As you can see on the picture, there are two fishing vessels, a red one and a blue one, which are the same size, about 45 feet. The people on these boats said that they were truly scared that day. Some told us that the Farley Mowat had brushed their stabilizer. Stabilizers are those long arms that are deployed on each side of a ship to stabilize it. The Farley Mowat had missed the stabilizer by a few centimetres. These people were scared. They were truly happy to have us there that day to put an end to that violation and allow them to see to their business and to earn a living.
I want to add on to what Mr. Jenkins was saying.
There is constant communication between people onboard the icebreaker who manage operations and those who issue observation licences. That is intended to ensure that an excessively high number of observations licences are not issued and to avoid having too many people observing just a few boats. This type of communication already exists.
Obviously, if someone with a licence follows a hunter, that can cause problems. For hunters, it is not simple to work in this type of context. Having someone filming them with a camera can lead to additional stress for hunters. Seal hunting conditions are not simple. There can be vast stretches of ice or small flows no bigger than three or four tables. Fishers jump from their vessels to the ice to hunt seals. Of course, it is not simple.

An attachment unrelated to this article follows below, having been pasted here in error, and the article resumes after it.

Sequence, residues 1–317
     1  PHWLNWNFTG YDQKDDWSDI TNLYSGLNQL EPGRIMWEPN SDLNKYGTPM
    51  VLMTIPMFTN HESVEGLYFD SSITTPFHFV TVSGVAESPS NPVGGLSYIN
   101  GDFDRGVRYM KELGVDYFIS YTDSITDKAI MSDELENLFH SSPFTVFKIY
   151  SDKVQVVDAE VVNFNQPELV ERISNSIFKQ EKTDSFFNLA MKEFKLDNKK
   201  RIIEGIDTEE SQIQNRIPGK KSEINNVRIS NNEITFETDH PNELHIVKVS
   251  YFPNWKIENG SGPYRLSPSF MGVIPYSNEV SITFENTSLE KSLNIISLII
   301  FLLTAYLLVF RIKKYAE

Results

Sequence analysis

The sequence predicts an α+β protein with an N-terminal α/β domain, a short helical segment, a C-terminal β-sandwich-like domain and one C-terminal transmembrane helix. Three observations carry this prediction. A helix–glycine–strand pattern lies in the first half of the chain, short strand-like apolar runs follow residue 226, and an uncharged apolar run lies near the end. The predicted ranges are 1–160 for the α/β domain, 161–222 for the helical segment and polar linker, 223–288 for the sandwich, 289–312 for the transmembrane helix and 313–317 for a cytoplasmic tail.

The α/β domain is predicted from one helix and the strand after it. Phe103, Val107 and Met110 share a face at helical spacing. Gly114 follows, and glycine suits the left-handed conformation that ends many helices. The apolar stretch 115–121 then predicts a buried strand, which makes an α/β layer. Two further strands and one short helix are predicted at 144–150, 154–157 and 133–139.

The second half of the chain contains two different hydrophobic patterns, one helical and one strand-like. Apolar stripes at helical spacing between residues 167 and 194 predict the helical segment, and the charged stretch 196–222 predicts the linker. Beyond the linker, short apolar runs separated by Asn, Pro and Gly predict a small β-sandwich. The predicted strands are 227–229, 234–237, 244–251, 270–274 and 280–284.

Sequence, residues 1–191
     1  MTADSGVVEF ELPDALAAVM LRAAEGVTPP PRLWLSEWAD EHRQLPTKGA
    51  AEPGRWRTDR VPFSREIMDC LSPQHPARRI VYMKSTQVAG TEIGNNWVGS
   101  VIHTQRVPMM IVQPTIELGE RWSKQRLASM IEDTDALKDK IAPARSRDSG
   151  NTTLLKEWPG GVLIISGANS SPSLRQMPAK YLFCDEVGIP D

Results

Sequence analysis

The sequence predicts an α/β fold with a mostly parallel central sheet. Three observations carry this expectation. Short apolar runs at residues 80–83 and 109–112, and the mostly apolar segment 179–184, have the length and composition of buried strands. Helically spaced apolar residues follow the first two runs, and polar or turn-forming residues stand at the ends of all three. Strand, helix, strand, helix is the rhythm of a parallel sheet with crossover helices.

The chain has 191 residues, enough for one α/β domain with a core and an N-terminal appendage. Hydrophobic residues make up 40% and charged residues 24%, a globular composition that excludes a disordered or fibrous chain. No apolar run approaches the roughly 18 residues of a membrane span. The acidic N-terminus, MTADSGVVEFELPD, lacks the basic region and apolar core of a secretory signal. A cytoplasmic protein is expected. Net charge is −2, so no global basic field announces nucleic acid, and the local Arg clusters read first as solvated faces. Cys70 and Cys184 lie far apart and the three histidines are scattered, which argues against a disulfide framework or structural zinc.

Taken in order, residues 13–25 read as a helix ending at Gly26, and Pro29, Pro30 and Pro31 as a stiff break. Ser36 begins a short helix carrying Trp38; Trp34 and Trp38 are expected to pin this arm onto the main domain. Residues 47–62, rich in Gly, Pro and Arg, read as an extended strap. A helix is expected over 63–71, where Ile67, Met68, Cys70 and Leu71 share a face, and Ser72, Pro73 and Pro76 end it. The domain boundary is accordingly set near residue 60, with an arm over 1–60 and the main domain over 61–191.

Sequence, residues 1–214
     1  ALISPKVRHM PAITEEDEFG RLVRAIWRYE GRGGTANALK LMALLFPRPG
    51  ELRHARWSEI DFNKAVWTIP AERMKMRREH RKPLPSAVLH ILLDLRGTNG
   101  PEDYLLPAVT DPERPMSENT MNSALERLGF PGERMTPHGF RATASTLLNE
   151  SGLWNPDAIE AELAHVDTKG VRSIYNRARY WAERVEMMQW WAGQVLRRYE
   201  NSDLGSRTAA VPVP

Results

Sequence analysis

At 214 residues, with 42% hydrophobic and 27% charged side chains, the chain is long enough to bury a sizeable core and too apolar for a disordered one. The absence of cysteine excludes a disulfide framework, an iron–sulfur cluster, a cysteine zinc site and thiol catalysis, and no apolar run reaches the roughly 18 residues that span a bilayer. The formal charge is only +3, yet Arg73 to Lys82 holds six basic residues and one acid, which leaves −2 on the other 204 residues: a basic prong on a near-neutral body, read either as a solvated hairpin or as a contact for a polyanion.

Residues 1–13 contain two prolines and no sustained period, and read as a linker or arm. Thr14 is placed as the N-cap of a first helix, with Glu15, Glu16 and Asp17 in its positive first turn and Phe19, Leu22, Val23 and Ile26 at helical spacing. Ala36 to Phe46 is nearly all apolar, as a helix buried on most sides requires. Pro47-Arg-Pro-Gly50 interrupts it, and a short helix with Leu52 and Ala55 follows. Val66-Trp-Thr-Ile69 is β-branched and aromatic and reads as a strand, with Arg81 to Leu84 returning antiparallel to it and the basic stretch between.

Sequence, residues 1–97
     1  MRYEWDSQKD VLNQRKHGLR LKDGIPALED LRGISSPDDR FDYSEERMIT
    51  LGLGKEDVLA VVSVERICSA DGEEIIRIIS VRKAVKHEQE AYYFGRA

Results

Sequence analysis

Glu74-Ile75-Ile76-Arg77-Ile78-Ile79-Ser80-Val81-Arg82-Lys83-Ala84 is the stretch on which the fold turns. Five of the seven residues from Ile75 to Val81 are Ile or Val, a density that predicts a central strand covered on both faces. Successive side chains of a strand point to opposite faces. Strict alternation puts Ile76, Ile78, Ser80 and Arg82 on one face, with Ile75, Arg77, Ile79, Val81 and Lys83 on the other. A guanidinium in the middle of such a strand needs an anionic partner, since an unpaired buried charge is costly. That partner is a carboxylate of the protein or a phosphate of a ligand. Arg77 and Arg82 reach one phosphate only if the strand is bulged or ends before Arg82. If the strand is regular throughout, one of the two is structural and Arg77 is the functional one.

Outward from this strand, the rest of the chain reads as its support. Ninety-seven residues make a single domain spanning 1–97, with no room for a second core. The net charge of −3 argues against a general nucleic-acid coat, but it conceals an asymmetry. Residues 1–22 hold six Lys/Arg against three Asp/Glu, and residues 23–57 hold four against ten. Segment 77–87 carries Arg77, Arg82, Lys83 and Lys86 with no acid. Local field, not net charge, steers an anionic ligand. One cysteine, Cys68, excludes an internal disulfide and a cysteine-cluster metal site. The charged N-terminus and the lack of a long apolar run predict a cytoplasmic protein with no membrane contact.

When we meet with hunters, we try to make them aware of this reality and make them understand that if they do their job correctly and if they use slaughter methods that are both accepted as humane and recognized by industry, observers will have nothing to report after their day of observation. We try to make them aware of this to ensure that they can still work safely. I admit, however, that it is neither simple nor easy.
That is what applies to those who have an observation licence. When it comes to those who do not have a licence, other problems crop up. We spoke today about people who clearly had no intention of obeying regulations and whose goal was to disrupt hunters activities. That is a whole other aspect of managing the seal hunt.